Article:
Last week, the week before, and the week before that, I explained how the cryptographic side of digital certificates and secure web site identity works, and how there have been some continuing problems with what many see as misbehavior by root CAs. We introduce the technical side in in Learning Tree’s System and Network Security Introduction course, and depending on interest in the group that week, sometimes go a little deeper. Here is even deeper background.
Türktrust Bilgi İletişim ve Bilişim Güvenliği Hizmetleri A.Ş. is a root CA based in Turkey. Back in August of 2011 they issued a certificate to EGO Genel Müdürlüğü, the transportation directorate of the city government of Ankara.
That certificate and key were installed in a Checkpoint firewall which had reverse proxy capabilities allowing it to decrypt and inspect TLS/SSL traffic. The Checkpoint firewall automatically created one or more new certificates which, to put an alarming name on it, could do man-in-the-middle attacks against HTTPS connections made through it.
Again, a Chrome browser used inside the city transportation ministry noticed a ticket that appeared to be valid for all of *.google.com (thus Gmail, Google Docs, Google Apps, Google Drive, etc) but wasn’t really a Google certificate.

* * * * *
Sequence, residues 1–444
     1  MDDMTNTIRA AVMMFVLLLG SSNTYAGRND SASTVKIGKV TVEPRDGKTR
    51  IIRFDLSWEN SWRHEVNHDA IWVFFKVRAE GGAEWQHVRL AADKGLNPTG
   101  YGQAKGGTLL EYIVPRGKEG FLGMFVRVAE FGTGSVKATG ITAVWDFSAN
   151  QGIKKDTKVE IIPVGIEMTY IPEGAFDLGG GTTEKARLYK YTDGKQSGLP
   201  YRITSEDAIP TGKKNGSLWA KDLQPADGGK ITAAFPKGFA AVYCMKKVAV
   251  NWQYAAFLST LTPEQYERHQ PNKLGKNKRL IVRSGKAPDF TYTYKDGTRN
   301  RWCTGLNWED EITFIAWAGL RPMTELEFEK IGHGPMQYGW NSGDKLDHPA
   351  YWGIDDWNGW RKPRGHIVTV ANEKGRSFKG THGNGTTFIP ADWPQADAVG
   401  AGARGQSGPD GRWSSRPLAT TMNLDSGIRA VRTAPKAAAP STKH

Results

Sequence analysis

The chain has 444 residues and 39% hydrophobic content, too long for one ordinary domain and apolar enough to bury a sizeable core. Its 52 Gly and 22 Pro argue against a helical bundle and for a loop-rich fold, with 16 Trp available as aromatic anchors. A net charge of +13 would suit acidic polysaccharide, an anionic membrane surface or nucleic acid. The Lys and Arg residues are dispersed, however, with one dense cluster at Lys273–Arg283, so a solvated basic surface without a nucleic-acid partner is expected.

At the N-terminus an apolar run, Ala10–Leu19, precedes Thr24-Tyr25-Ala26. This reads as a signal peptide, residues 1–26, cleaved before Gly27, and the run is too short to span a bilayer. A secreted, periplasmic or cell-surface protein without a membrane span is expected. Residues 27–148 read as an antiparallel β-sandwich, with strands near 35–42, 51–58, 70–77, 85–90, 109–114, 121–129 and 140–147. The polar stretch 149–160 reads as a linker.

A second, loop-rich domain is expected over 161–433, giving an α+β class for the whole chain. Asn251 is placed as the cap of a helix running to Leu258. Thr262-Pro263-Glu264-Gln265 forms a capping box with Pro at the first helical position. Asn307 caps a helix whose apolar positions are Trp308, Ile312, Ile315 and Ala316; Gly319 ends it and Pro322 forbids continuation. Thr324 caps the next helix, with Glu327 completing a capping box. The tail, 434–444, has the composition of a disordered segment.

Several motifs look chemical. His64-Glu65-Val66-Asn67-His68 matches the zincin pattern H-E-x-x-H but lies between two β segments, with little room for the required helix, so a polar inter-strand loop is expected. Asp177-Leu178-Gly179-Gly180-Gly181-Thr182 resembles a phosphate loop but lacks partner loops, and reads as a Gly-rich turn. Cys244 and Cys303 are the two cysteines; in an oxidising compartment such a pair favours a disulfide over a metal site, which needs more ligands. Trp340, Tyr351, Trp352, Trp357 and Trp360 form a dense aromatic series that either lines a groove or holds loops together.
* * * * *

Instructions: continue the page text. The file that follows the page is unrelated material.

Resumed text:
If you prefer your news more alarming and conspiracy-rich, a Reuters report of 3 Jan said this was likely done by the public transit agency EGO in order to spy on its own employees’ use of Gmail and Google searches.
Cooler heads prevailed, Türktrust investigated and reported in a convincingly open fashion, and while all the browsers quickly came to block sites using certificates created by the spurious sub-CA certificates issued to EGO and a Turkish banking firm, Türktrust itself continued to be trusted as a root CA and its other customers suffered no impact.
That’s a problem with the complex web of trust relationships on the Internet-wide public-key infrastructure, innocent parties could suffer a sudden loss of trust (or at least a loss of the ability to support HTTPS connections) because of the browser community’s decision about the root CA from which they purchased their certificate.
This also brings up the issue of incident response. Yes, Türktrust made errors and then didn’t notice them for almost a year and a half. But then Google reported the problem, Türktrust responded in a way that built, rather than further degraded, confidence.
That can make the difference in corporate survival, as I’ll explain next week.